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Indian Ricegrass (Achnatherum hymenoides) (MT-74)

Plant Materials Technical Note Number MT-74

A Native Conservation Grass for Use in the Northern Great Plains and Rocky Mountains

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Plant Materials Technical Note Number MT-74 (PDF; 183 KB)

September 2011.
By Roger M. Hybner, Research Agronomist, NRCS Bridger Plant Materials Center

Rimrock Indian Ricegrass field










Figure 1. Rimrock Indian ricegrass field at the Bridger Plant Materials Center

General Description

Indian ricegrass is a short-lived perennial, cool-season, bunchgrass with densely tufted culms typically growing one to three feet tall. The leaf blades are slender, usually rolled and with membranaceous ligules (1/4-inch long). The diffuse panicle has dichotomously branched, thin pedicels. The floret glumes remain on the inflorescence after seed drop giving the inflorescence a characteristic appearance in the fall. The seeds are dark brown to black in color, subtended by white pilose hairs. Indian ricegrass has deep, extensive, fibrous roots, capable of adjusting to shifting sands by elongating basal internodes and producing adventitious roots at these nodes.

Adaptation or Range

Indian ricegrass’ adaptation extends from the northern Great Plains west across the Rocky Mountains to the Columbia Plateau and Snake River Plain, south into Mexico, and north through the prairies of southern Alberta and Saskatchewan into the Yukon. It prefers sandy soils that are neutral to mildly saline, with low water-holding capacity, and with few rock fragments. Indian ricegrass is moderately tolerant of alkaline soils and is drought tolerant. It does best with average annual precipitation ranging from eight to 14 inches, but is found in areas with as little as six inches, as well as on sites well above 14 inches. Its elevation range is from 2,000 to 10,000 feet, but it does not grow well above approximately 7,000 feet in elevation. It is very winter hardy and survives late season fires without damage once it is dormant. It commonly grows in association with big sagebrush (Artemisia tridentate complex), saltbush (Atriplex spp.), winterfat (Krascheninnikovia lanata), juniper (Juniperous spp.), needle and thread (Hesperostipa comata) and other needlegrasses, bluebunch wheatgrass (Pseudoroegneria spicata), Snake River wheatgrass (Elymus wawawaiensis), thickspike and streambank wheatgrass (Elymus lanceolatus), western wheatgrass (Pascopyrum smithii), and blue grama (Bouteloua gracilis).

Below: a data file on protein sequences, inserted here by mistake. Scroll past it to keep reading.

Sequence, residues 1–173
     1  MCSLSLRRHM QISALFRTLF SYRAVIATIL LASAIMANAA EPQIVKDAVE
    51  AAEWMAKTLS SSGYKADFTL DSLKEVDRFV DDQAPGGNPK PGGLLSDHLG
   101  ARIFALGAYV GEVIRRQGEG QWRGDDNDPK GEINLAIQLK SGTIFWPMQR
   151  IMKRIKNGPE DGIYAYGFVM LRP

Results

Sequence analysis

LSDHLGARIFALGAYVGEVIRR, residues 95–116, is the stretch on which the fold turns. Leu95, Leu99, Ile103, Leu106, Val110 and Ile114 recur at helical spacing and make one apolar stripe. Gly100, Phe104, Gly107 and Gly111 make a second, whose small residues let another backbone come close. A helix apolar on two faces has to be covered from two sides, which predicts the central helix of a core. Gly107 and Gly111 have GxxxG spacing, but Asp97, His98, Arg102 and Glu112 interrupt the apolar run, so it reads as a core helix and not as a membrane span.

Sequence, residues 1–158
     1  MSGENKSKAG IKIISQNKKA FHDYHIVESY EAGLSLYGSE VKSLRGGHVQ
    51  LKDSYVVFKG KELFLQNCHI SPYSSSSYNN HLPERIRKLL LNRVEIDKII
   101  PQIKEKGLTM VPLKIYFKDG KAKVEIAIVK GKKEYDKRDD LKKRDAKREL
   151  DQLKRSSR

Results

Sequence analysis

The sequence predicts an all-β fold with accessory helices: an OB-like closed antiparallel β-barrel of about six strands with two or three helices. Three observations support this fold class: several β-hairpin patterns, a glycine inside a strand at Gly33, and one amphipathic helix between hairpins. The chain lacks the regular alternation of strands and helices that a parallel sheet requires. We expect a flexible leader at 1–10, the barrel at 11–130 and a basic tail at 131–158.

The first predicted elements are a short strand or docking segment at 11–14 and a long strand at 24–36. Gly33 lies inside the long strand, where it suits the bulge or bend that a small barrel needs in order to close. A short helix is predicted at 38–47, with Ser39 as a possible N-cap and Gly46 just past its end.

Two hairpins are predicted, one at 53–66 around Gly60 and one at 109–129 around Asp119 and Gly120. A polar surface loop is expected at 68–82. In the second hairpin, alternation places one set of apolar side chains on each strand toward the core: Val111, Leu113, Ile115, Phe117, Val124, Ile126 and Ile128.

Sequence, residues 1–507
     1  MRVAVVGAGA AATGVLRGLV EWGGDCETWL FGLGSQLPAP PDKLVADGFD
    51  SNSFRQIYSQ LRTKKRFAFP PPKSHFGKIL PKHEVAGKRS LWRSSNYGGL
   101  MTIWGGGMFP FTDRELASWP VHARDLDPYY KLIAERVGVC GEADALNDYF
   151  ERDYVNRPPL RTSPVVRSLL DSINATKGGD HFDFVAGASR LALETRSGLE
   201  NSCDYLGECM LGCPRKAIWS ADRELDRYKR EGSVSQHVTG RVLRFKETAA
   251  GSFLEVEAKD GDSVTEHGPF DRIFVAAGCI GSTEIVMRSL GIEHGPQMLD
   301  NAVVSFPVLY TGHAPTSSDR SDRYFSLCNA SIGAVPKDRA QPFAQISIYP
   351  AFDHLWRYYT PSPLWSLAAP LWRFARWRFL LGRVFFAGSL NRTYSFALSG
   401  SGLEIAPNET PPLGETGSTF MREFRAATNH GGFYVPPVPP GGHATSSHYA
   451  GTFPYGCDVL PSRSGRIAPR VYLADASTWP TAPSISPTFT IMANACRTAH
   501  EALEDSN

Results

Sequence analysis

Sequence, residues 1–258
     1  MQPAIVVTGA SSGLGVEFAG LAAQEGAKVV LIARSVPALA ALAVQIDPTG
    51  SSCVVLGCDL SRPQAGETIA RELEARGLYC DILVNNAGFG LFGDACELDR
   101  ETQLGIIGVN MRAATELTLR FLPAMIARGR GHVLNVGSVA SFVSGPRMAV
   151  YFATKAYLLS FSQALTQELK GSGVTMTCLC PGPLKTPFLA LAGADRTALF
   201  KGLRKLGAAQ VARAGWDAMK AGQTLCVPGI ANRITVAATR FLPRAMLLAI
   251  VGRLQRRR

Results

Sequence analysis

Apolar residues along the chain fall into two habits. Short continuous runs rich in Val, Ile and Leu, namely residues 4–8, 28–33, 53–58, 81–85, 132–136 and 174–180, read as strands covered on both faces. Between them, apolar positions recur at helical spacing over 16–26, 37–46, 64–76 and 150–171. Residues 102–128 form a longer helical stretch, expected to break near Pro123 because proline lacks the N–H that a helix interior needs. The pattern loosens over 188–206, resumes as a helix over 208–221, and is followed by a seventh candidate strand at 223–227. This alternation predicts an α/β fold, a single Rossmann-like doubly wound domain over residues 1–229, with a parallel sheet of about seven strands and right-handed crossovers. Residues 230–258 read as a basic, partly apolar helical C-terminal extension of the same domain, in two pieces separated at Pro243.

Conservation Uses

Indian ricegrass can be used in range renovation, wildlife enhancement, critical area seedings, and restoration plantings. Spring growth is initiated in late April and is relished by both livestock and wildlife. It is a preferred feed for cattle, horses and elk in all seasons. It is preferred by sheep, deer and antelope in the spring, late fall and winter. Crude protein levels during the growing season range from 11% in early June to 5% in late August. Dormant winter forage levels decrease to four percent. Indian ricegrass is readily utilized as winter forage in the high deserts of Wyoming.

Indian ricegrass can be used in seed mixtures for the reclamation of disturbed sandy sites where, with needle and thread grass, it is considered a natural early seral or pioneer species. On sand dune sites, Indian ricegrass can be the major grass component of the establishing plant community with natural reseeding occurring over time. Indian ricegrass produces an abundance of plump seed with protein levels of 15 to 17 percent. This seed is excellent food for upland game birds and songbirds. Small mammals cache the seeds for winter utilization. Indian ricegrass can be planted with, or adjacent to, taller plants for food and cover for a wide variety of wildlife. Indian ricegrass was commonly used as a food source by Native Americans in the Southwest and Great Basin regions. Flour made from seed of Indian ricegrass (know as Wye or Wai to the Paiute, Shoshone and Ute tribes) was used to make a mush with a pleasing, nutlike flavor. Montana State University-Bozeman has determined flour derived from Rimrock Indian ricegrass is gluten free. This flour (‘Montina’) is commercially available for use by people who are gluten intolerant.

The tufted growth form and attractive seed heads make Indian ricegrass a favorable species for roadside, campground and Xeriscape® plantings.

Indian ricegrassindian ricegrass seedhead








Figure 2. Indian ricegrass            Figure 3. Indian ricegrass seedhead

Ease of Establishment